Giving, then, to the law of personal immunity that enlarged effect which the time and the country demand, let us attend to the special circumstances, one by one, which mark the case of McLeod, and see if they do or do not leave him the protection which is thrown round the captive of open, regular war.

In the first place, observe that the expedition on which he went out was an expedition of war. It was not an expedition

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to rob the mail, or to rob a hen-roost, or to throw an assassin or spy into an enemy's camp, by which happy analogies we have had it illustrated. It was an enterprise of war, undertaken under the iron responsibilities, surrounded by the iron rights of war. Its exact legal denomination is informal, insolemn hostility.Let us call things by their right names, and hold England and hold ourselves up consistently to this view of the transaction. Look at it. There was a forcible temporary occupation of our territory by an armed foreign body, acting in organization, sent across by a foreign government as a government, — not for plunder, but as an alleged grave measure of state policy, — for the alleged defence of its own soil and its own law against revolutionary invaders from without. What sort of act is that, Sir ? The mover is a government; the inducement à high reason of state; the instruments and the effects such as ordinarily do the work, and mark the giant tread of war. Armed men violently assail a vessel moored on our waters, owned by our citizens, — reposing, as we allege, beneath the protection - not forfeited of the folds of our flag. It is the cry of brief but actual battle, which rises above the murmur of that onward, unreturning stream. The peace of our territory was disturbed; its sanctity was violated; the charmed life of an American citizen was taken in fight; the property of an American citizen — itself part of the general wealth of the community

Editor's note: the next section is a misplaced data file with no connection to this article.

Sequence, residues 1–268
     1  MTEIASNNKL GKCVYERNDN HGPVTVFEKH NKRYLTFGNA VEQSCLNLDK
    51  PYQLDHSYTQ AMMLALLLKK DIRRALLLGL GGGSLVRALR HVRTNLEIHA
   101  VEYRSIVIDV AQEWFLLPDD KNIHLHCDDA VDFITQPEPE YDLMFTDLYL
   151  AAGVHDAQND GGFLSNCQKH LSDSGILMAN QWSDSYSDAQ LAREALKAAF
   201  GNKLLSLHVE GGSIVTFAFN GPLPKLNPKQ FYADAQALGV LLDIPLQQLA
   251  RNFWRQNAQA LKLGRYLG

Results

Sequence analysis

— was destroyed. This, Sir, in the language of the publicists, is “informal hostility” against the United States; and the responsibility of England, who ordered it to be committed, and the immunity of the soldiers who enforced the order with the bayonet and cutlass, result, of course, according to the principle on which, as I have said, we all take our stand, and in which all publicists agree. I do not say that by this act England intended to begin a war on the United States, or to impair our strength, diminish our treasure, or insult our flag as a nation. Certainly not. But the act which she does is to invade our territory forcibly and unlawfully for the purpose of reaching and destroying the property of one of our citizens, which she had no right so to reach and so to destroy, and to effect that purpose by military violence and by shedding innocent blood in battle. And this act is hostil

ity against us because our rights are outraged, — and they are outraged by the methods and the processes and according to the forms of war; and because every nation and every man must bé holden to intend the acts which he does and their necessary consequences. How do you distinguish this proceeding from the attack on Copenhagen in 1808, to which the Senator from Virginia alluded last evening ? What was that transaction ? England, cherishing no hostile feeling against Denmark, (for Denmark, like herself, was actually in arms against the Emperor of the French,) conceived a fear that that ancient, gallant, but not very powerful nation might fall before him ; in which case her sixteen ships-of-war would become his, - a formidable accession to the strength by which he was urging forward his aim of universal dominion. Thereupon she sent Admiral Gambier to Copenhagen, bombarded it, killed and wounded above a thousand persons, and carried off the whole Danish fleet. That is, she forcibly invades the Danish territory for the purpose of possessing herself of divers ships, of which, as against Denmark, she had no right to take possession, not for the purpose of weakening or insulting her, but to prevent their becoming, in other hands, the instruments of annoyance against herself. So here. She invades our territory with military force for the purpose of possessing herself of a vessel, of which, as against us, she had no right thus to take possession, - not to weaken or insult us, but to prevent its being, in other hands, the instrument of annoyance against herself. The cases are alike cases of informal war against the nation whose national rights are invaded. In the affair of Copenhagen, the object of the invasion was the capture of Danish government ships. If, instead of that, it had been Danish merchant ships, — lest their cargoes might go to fill the coffers of France, or to transport French munitions of war, would the act have been at all the less an act of hostility against Denmark ? Nay, if Denmark had been neutral, and the object had been to cut out a French ship which had fled to Copenhagen for shelter, it would still have been a hostile aggression against Denmark herself. The attack upon Copenhagen was upon a grander scale than that upon The Caroline, — more ships, more men, greater names,